Baghdad, Iraq, Mar 5, 2021 / 08:30 am
Here is the full text of Pope Francis’ address to bishops, priests, religious, consecrated persons, seminarians, and catechists, delivered March 5, 2021, at the Syriac Catholic Cathedral of Our Lady of Salvation in Baghdad.
Your Beatitudes, Your Excellencies, Dear Priests and Religious, Dear Brothers and Sisters, I embrace all of you with a father’s affection. I am grateful to the Lord who in his providence has made it possible for us to meet today. I thank His Beatitude Patriarch Ignace Youssif Younan and His Beatitude Cardinal Louis Sako for their words of welcome. We are gathered in this Cathedral of Our Lady of Salvation, hallowed by the blood of our brothers and sisters who here paid the ultimate price of their fidelity to the Lord and his Church. May the memory of their sacrifice inspire us to renew our own trust in the power of the cross and its saving message of forgiveness, reconciliation and rebirth. For Christians are called to bear witness to the love of Christ in every time and place. This is the Gospel that must be proclaimed and embodied in this beloved country as well.
As bishops and priests, men and women religious, catechists and lay leaders, all of you share in the joys and sufferings, the hopes and anxieties of Christ’s faithful. The needs of God’s people, and the daunting pastoral challenges that you daily face, have been aggravated in this time of pandemic. What must never be locked down or reduced, however, is our apostolic zeal, drawn in your case from ancient roots, from the unbroken presence of the Church in these lands since earliest times (cf. Benedict XVI, Post-Synodal Apostolic Exhortation Ecclesia in Medio Oriente, 5). We know how easy it is to be infected by the virus of discouragement that at times seems to spread all around us. Yet the Lord has given us an effective vaccine against that nasty virus. It is the hope, it is the hope born of persevering prayer and daily fidelity to our apostolates. With this vaccine, we can go forth with renewed strength, to share the joy of the Gospel as missionary disciples and living signs of the presence of God’s kingdom of holiness, justice and peace.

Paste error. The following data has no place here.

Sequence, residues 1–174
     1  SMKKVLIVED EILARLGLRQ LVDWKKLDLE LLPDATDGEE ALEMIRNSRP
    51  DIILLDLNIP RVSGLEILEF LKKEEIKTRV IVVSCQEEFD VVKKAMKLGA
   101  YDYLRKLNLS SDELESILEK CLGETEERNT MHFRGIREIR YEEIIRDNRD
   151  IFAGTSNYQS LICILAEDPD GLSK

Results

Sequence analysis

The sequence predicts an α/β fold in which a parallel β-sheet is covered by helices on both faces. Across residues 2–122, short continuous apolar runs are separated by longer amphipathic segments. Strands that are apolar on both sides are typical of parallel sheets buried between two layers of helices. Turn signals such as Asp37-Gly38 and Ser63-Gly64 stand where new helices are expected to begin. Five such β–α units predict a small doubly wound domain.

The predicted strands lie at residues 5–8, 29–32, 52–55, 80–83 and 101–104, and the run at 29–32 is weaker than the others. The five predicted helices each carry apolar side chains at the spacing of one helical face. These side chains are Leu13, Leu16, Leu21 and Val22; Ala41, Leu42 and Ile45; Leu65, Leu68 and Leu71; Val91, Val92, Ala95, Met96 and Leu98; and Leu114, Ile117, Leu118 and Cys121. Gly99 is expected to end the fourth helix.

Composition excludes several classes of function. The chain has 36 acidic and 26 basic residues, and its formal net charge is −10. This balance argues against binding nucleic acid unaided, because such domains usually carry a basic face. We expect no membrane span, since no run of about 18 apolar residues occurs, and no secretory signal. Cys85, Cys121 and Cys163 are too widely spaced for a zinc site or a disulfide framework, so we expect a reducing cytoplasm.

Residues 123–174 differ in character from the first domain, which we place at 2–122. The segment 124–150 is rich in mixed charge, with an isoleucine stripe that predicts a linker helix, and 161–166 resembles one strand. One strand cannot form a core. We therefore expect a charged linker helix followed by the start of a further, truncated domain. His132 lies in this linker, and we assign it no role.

How much the world around us needs to hear that message! Let us never forget that Christ is proclaimed above all by the witness of lives transformed by the joy of the Gospel. As we see from the earliest history of the Church in these lands, a living faith in Jesus is “contagious”; it can change the world. The example of the saints shows us that Christian discipleship is “not only something right and true, but also something beautiful, capable of filling life with new splendour and profound joy, even in the midst of great difficulties” (Evangelii gaudium, 167).
Hardships are part of the daily experience of the Iraqi faithful. In recent decades, you and your fellow citizens have had to deal with the effects of war and persecution, the fragility of basic infrastructures and the ongoing struggle for economic and personal security that has frequently led to internal displacements and the migration of many people, including Christians, to other parts of the world. I thank you, my brother bishops and priests, for remaining close to your people, close to your people, supporting them, striving to meet their needs and helping them play their part in working for the common good. The educational and charitable apostolates of your local Churches represent a rich resource for the life of both the ecclesial community and the larger society. I encourage you to persevere in these efforts, in order to ensure that Iraq’s Catholic community, though small like a mustard seed (cf. Mt 13:31-32), continues to enrich the life of society as a whole.
The love of Christ summons us to set aside every kind of self-centeredness or competition; it impels us to universal communion and challenges us to form a community of brothers and sisters who accept and care for one another (cf. Fratelli tutti, 95-96). Here I think of the familiar image of a carpet. The different Churches present in Iraq, each with its age-old historical, liturgical and spiritual patrimony, are like so many individual coloured threads that, woven together, make up a single beautiful carpet, one that displays not only our fraternity but points also to its source. For God himself is the artist who imagined this carpet, patiently wove it and carefully mends it, desiring us ever to remain closely knit as his sons and daughters. May we thus take to heart the admonition of Saint Ignatius of Antioch: “Let nothing exist among you that may divide you… but let there be one prayer, one mind, one hope, in love and in joy” (Ad Magnesios, 6-7: PL 5, 667). How important is this witness of fraternal union in a world all too often fragmented and torn by division! Every effort made to build bridges between ecclesial, parish and diocesan communities and institutions will serve as a prophetic gesture on the part of the Church in Iraq and a fruitful response to Jesus’ prayer that all may be one (cf. Jn 17:21; Ecclesia in Medio Oriente, 37).
Pastors and faithful, priests, religious and catechists share, albeit in distinct ways, in responsibility for advancing the Church’s mission. At times, misunderstandings can arise and we can experience certain tensions; these are the knots that hinder the weaving of fraternity. They are knots we carry within ourselves; after all, we are all sinners. Yet these knots can be untied by grace, by a greater love; they can be loosened by the medicine of forgiveness and by fraternal dialogue, by patiently bearing one another’s burdens (cf. Gal 6:2) and strengthening each other in moments of trial and difficulty.